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Mosquitoland by David Arnold

A lot can happen in a thousand miles.

Topics of Interest: adventure, teenage angst, friendship, family, handicaps, mental illness, abuse, writing

Curriculum Connections: Writer’s Craft, Geography (U.S.)

Gender: F/M

Age: 14+

Blurb: Nothing quite says elementary school like a good ol’ yellow cheese wagon. We’ve all been on them at one time or another, whether it be daily for a commute to school or just once for a field trip to the History Museum.

Riding a school bus is a rite of passage that most kids have to endure. It’s smelly, bumpy, and, if you’re really unlucky, chock full of bullies who throw insults and spitballs at the weakest of the bunch. (And that’s what you have to look forward to after you’ve gone through the humiliation of finding a seat.)

Charter buses are a bit more civilized. They are smoother, cleaner, and the seats are taller which makes for a nice barrier against items zinged at your head. It’s really only your seatmates that you need to be wary of on these coaches.

Mim, in Mosquitoland, just wants to get home to Cleveland to help her sick mom. Dragged against her will by her father and step-mom to the swampland of Mississippi, Mim ditches school, steals her step-mom’s stash of cash, and high tails it to the bus depot where she catches the first Greyhound heading the right direction out of town.

Mim plans on spending the nearly thousand-mile trip writing letters, sleeping, and only occasionally speaking in a false English accent to the people who bug her. But her seatmates have a different plan for her (don’t they always?).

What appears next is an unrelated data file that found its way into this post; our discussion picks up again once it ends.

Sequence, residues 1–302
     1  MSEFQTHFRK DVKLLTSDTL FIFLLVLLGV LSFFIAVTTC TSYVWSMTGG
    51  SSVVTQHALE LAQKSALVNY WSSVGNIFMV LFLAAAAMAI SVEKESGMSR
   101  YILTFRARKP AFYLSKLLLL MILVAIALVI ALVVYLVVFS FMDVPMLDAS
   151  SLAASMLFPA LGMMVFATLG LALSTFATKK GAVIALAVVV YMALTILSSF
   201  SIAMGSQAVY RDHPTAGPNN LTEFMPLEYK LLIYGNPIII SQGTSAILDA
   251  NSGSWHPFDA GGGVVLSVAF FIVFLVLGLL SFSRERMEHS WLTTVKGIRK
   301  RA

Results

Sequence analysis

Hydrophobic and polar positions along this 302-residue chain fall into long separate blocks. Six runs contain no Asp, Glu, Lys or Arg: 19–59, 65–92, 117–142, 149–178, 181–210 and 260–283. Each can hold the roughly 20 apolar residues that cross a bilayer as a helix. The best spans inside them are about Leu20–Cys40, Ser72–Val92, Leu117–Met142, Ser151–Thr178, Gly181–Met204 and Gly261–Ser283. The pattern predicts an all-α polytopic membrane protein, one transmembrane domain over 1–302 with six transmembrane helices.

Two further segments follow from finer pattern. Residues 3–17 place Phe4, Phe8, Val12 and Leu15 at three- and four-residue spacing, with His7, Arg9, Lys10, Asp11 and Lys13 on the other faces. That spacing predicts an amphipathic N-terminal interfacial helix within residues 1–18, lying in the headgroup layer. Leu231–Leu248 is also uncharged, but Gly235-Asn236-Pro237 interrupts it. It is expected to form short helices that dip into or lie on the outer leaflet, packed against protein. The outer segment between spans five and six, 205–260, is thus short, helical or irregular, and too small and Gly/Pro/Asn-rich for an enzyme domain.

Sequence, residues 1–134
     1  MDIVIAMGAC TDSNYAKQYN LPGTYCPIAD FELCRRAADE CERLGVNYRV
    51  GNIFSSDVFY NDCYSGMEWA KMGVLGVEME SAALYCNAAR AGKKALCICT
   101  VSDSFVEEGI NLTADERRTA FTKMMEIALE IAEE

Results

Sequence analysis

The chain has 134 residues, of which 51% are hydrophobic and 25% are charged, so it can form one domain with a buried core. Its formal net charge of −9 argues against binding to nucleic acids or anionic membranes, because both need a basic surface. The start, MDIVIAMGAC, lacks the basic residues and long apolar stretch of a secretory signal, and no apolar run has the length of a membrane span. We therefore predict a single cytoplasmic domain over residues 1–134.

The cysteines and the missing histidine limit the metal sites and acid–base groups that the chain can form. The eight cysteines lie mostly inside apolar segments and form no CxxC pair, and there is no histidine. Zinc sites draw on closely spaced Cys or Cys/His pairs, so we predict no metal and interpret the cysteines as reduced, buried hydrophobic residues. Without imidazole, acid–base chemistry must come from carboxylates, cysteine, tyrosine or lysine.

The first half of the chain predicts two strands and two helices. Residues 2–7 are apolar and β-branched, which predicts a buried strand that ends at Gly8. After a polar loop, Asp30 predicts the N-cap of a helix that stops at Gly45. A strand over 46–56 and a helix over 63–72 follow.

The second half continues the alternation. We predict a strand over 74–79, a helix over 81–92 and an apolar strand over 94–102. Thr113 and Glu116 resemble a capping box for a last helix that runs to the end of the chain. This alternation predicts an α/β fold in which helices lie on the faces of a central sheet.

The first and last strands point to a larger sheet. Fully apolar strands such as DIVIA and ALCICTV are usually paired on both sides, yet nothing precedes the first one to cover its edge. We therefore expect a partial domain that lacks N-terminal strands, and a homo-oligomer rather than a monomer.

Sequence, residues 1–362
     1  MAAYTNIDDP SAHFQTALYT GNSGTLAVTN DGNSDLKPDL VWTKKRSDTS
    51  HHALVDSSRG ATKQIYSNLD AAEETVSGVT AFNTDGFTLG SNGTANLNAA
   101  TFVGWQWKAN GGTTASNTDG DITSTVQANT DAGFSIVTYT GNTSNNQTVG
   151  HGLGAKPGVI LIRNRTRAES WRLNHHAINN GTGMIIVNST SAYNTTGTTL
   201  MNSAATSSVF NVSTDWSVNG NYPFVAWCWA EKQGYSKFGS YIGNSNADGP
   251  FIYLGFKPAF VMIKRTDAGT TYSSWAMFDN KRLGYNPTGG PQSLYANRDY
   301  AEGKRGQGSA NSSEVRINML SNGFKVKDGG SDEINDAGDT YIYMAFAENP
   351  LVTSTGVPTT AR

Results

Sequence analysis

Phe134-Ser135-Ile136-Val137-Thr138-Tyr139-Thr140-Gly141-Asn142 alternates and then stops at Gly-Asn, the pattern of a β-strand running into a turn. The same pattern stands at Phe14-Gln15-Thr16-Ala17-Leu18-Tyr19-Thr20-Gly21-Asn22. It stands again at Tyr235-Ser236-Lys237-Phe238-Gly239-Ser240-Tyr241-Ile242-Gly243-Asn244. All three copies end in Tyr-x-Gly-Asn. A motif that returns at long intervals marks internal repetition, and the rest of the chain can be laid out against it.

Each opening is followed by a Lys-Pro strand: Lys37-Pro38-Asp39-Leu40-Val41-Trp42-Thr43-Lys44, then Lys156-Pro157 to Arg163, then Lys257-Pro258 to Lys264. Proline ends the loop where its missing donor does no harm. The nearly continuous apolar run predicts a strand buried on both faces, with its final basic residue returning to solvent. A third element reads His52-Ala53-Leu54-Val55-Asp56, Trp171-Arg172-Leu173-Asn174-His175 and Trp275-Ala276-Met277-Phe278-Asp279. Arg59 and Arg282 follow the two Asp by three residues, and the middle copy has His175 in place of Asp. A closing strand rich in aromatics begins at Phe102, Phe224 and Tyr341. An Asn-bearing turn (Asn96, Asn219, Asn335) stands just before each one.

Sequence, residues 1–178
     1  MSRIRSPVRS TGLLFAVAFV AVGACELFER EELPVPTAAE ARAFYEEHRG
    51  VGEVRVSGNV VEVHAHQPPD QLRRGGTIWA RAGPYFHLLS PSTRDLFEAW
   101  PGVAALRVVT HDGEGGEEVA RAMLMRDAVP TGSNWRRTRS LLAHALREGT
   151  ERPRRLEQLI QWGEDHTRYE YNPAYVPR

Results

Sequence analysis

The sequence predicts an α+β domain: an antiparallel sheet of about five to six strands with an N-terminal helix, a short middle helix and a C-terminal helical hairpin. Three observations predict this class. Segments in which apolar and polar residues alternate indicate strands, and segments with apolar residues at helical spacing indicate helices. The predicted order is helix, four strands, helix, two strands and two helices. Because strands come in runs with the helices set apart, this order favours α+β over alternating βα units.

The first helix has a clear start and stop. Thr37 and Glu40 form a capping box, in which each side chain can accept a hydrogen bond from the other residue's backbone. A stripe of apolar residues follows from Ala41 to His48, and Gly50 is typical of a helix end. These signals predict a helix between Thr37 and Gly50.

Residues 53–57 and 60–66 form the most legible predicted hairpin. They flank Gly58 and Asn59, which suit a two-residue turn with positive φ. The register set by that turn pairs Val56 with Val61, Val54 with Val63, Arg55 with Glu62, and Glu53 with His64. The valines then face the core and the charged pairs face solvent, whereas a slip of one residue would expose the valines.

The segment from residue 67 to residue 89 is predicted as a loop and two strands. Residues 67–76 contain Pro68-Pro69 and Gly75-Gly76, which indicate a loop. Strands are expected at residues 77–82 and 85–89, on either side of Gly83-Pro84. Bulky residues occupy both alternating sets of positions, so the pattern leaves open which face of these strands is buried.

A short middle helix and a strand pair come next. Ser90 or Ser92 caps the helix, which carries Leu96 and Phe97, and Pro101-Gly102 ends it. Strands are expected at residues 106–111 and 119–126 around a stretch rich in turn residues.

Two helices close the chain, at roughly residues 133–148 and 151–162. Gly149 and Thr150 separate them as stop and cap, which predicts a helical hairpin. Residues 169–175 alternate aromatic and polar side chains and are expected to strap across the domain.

A lot can happen in a thousand miles: it starts with an overflowing toilet…and goes downhill from there.

Flavour: “One thing’s for sure: it’s starting to stink like whoa…. ‘Everything come out all right, dearie?’ asks Arlene….Looking down I see the Brits staring at me with their shirts pulled up over their noses. Gas mask-style. So that’s the way it’s gonna be. I’m on a bus full of smart-asses.” (36-37)

“The attractive pieces [of my face] are all there, but jumbled somehow. As if each facial feature stopped just short of its proper destination. I act like I don’t care, but I do. I always have. And my God, what wouldn’t I give to put the pieces together? But I’m a Picasso, not a Vermeer.” (57)

“You spend your life roaming the hillsides, scouring the four corners of the earth, searching desperately for just one person to get you. And I’m thinking, if you can find that, you’ve found home.” (250)

“[I]t is my belief that there are some people whose sole purpose of existence is to show the rest of us how not to act.” (264)

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